In the Northern Mariana Islands public land leases are governed by the Marianas Department of Public Lands. Commercial leases until recently were limited to 25 years, with a 15-year extension, but have now risen to 40 years following legislation.
Private land ownership is set out in Article XII of the Northern Mariana Islands Constitution and relates to NMI descent of at least 25%. As the NMI’s population has seen intermarriage with individuals who are not of NMI descent, non-NMI descent residents desirous of land acquisition, and residents of NMI descent willing to sell to them, various efforts to change Article XII have arisen — to include this year, but none of them have been successful. Public Law 15-20 signed into law in 2006 allowed non-descent residents to own condominiums on private land above the ground level for 55 years.
A 50-year lease signed on Jan 1, 1983, between the Marianas Public Land Corp., the Commonwealth Ports Authority and the U.S. was pursuant to the Covenant that established the Commonwealth Northern Mariana Islands. For a total of $19, 520,600 — adjusted to $33 million to reflect land value at the time of signing — the U.S. leased 17,089 acres of Tinian, all of FDM and Tanapag Harbor in Saipan, as well as various “waters” until 2033. The U.S. also has the option to extend the lease until 2083. NMI governors have previously noted the lack of military development – an expectation held when the lease was signed.
Gov. Benigno R. Fitial discussed renegotiating the lease in an interview with Guam Business Magazine, sister publication to the Journal in 2012.
Gov. Ralph DLG. Torres told the Journal on July 30 that he was glad to see the current exercises in Tinian, and any military activity after almost 40 years of the lease agreement. Torres has referred to a lack of activity in recent times, but has also expressed appreciation of the improvement work U.S. military groups are doing — such as on roads in Tinian and most recently at Chiget Beach.
In May 2019, the NMI government and the U.S. Department of Defense signed a $21.9 million 40-year lease agreement for the construction of a divert airfield in Tinian. However, that construction has been delayed, due to the sheer cost of the parts of the project, which include an airfield and supporting infrastructure, such as the fuel line and Requests for Proposal won’t appear for a while, and not until 2022. A contributing factor is the difficulty most U.S. based contractors have with estimating costs in an area they are unfamiliar with.
The Pacific Air Force commander told the Journal in September 2020 a permanent presence on Tinian is not planned, though that has been mooted in the past. But use of Tinian does offer the U.S. military another option in the region both for training and as an alternative site, should it need one.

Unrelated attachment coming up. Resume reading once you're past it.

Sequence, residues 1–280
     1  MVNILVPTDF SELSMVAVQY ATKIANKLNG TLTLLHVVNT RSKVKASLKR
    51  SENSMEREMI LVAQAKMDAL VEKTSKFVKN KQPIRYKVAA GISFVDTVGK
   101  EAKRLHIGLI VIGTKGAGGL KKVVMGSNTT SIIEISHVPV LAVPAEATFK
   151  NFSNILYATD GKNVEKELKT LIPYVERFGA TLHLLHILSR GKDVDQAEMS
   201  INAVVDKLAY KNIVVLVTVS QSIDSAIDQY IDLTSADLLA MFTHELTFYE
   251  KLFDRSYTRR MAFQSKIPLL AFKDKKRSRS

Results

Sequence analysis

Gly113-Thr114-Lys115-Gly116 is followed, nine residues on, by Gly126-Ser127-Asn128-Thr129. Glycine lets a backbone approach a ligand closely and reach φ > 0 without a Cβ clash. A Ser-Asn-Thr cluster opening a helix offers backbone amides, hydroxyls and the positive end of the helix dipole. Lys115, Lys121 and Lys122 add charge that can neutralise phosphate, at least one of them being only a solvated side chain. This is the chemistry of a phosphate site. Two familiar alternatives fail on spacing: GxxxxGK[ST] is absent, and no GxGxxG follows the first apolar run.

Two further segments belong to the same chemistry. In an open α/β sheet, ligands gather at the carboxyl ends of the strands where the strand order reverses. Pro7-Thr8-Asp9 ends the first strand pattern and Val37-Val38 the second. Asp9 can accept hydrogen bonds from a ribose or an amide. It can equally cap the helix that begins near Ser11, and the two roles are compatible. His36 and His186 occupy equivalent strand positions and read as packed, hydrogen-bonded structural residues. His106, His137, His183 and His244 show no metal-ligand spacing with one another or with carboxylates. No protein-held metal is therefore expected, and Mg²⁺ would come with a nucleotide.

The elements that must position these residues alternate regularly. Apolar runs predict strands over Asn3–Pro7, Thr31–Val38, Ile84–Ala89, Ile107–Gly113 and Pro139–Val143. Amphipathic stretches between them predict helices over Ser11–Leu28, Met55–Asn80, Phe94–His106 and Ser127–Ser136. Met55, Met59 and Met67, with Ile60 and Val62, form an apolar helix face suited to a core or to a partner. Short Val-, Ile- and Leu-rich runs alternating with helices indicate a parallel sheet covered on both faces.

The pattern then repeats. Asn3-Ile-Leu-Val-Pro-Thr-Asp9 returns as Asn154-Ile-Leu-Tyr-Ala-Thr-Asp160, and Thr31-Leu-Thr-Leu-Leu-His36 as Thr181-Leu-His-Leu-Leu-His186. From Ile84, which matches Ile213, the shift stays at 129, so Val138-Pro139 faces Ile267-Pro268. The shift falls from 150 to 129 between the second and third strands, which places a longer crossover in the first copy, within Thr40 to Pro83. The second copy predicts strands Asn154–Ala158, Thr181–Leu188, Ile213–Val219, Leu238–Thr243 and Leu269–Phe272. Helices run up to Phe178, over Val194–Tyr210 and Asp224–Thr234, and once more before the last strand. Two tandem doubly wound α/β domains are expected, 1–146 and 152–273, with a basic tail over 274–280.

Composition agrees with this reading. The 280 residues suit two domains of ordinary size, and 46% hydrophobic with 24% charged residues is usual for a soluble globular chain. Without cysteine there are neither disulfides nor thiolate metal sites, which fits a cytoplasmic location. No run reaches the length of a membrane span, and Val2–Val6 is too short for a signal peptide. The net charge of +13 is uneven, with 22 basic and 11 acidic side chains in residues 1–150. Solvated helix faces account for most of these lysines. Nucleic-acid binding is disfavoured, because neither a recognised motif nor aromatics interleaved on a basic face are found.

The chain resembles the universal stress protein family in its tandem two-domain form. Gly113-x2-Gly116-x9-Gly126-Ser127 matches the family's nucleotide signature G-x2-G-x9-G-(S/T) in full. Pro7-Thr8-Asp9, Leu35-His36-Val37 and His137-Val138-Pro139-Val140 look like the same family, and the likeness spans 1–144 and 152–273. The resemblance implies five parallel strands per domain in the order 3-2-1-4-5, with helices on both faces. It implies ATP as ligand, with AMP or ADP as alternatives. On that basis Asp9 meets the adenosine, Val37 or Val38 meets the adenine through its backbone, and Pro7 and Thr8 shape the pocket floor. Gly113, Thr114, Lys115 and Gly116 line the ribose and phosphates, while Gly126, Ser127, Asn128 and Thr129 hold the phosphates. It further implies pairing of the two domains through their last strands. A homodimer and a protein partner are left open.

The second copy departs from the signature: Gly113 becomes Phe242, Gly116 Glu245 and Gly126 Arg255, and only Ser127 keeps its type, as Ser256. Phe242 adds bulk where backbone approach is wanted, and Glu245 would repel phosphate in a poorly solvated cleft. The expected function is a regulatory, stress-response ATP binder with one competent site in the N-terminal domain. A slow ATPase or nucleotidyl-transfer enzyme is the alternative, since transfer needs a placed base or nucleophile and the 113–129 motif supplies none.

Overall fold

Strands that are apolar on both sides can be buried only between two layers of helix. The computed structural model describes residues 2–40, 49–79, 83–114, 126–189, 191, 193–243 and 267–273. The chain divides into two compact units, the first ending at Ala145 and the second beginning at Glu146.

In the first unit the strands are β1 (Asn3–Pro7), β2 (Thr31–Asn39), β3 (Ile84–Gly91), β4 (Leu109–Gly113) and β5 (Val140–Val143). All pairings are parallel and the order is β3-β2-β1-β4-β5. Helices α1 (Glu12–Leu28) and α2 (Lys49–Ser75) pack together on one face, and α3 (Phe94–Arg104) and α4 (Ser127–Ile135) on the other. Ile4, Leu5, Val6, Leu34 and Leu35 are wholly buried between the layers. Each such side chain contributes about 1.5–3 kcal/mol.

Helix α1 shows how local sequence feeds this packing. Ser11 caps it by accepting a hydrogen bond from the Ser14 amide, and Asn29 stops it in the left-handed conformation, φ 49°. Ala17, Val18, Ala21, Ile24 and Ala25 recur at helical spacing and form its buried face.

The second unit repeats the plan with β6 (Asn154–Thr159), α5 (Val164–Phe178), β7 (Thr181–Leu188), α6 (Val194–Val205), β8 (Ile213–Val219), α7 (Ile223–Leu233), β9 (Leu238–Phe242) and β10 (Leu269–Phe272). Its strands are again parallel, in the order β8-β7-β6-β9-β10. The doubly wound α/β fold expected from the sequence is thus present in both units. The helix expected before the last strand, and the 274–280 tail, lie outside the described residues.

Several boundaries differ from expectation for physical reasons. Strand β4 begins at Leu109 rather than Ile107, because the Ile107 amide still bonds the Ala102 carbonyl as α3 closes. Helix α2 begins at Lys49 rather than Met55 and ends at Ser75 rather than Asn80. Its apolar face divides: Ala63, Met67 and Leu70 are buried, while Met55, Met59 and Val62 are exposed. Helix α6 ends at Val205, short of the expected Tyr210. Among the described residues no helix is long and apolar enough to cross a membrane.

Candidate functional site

The Compacts of Free Association give the U.S. the right to deny potential adversaries access to the territory, airspace and territorial waters of Palau, the Marshalls and the Federated States of Micronesia, understood as defense of those nations. But visits to Palau have occurred by Taiwanese, French and Australian vessels, according to Journal files.
Non-Marshallese cannot own land in the country. The Compact with the Marshalls guarantees U.S. access to Kwajalein Atoll and the Ronald Reagan Ballistic Missile Defense Test Site. The current lease extends to 2066, with a 20-year option to renew. The $2 billion lease was signed in 2003 for 83 years.
Palau ownership of land is limited to Palauans. Since 2007, leases of land to foreign entities are allowed for up to 50 years, with renewal terms of up to an additional 49 years for a maximum total of 99 years.
In Palau, the ability for the U.S. to use the Roman Tmetuchl International Airport in Airai as a divert airfield as mentioned in Palau’s Compact of Free Association between the two countries is a development President Surangel S. Whipps has told the Journal he would welcome.
The FSM is comprised of 607 islands with a total land area of 271 square miles. Foreign ownership of land is not permitted.
Article VI of the 2003 amended Compact with the Federated States of Micronesia continues to govern the “Status of U.S. Forces” and says, “The Armed Forces of the United States may authorize the establishment, use, operation and maintenance within defense sites in the Federated States of Micronesia of service, educational and recreational facilities.”
After President David W. Panuelo was in Hawaii for meetings in July with Indo-Pacific Command officials, his office said, “The FSM and the United States collaborated on plans for more frequent and permanent U.S. armed forces presence, and have agreed to cooperate on how that presence will be built up both temporarily and permanently within the FSM, with the purpose of serving the mutual security interests of both nations.”